signing the treaty of traverse des sioux

    Native American Tribes


    Native American Policy can be defined as the laws and procedures established and adapted in the United States to outline the relationship between Native American tribes and the federal government. When the United States first became an independent nation, it adopted the European policies towards these local peoples, but over two centuries the U.S. designed its very own widely varying regulations regarding the evolving perspectives and requirements of Native American regulation.

    In 1824, in order to administrate the U.S. government’s Native American policies, Congress formed a new bureau within the War Department called the Bureau of Indian Affairs, which worked closely with the U.S. Army to enforce their policies. At times the federal government recognized the Indians as self-governing, independent political communities with numerous cultural identities; however, at other times the government attempted to force the Native American tribes to abandon their cultural identity, give up their land and assimilate into the American customs.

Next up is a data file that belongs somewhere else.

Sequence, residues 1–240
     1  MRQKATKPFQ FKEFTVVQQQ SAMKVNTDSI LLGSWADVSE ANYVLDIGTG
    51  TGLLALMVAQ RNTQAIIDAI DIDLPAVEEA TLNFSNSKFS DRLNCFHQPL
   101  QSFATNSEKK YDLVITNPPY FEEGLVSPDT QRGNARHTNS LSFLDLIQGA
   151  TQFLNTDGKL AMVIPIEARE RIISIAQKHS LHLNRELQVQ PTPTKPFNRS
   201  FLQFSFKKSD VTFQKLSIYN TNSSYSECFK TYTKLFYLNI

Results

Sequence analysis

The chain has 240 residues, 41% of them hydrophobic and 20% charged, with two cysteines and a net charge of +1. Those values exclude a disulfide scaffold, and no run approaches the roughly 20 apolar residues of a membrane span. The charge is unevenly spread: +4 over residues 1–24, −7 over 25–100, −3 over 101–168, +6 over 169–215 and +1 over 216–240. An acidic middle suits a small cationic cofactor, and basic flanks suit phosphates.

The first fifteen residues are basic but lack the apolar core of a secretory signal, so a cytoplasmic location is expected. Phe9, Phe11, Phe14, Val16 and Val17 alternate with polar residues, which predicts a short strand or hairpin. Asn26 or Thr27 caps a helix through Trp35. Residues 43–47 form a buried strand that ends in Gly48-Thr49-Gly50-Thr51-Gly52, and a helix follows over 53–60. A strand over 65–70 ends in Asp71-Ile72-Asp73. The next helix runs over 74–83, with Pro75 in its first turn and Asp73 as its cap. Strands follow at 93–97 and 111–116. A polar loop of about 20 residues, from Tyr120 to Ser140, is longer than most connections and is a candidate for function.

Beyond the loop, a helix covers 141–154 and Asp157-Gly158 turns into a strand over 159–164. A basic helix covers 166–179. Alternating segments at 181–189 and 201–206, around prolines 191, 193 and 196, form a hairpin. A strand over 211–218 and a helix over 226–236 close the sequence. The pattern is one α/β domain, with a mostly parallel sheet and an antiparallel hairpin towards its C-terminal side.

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    With the steady stream of settlers into Indian controlled land, Eastern newspapers published sensationalized stories of cruel native tribes carrying out massive massacres of hundreds of white travelers. Although some settlers lost their lives to American Indian attacks, this was far from the norm; in fact, Native American tribes often helped settlers get across the Plains. Not only did the American Indians offer wild game and other supplies to travelers, but they acted as guides and messengers between wagon trains as well. Despite the friendly natures of the American Indians, settlers still presumed the possibility of an attack.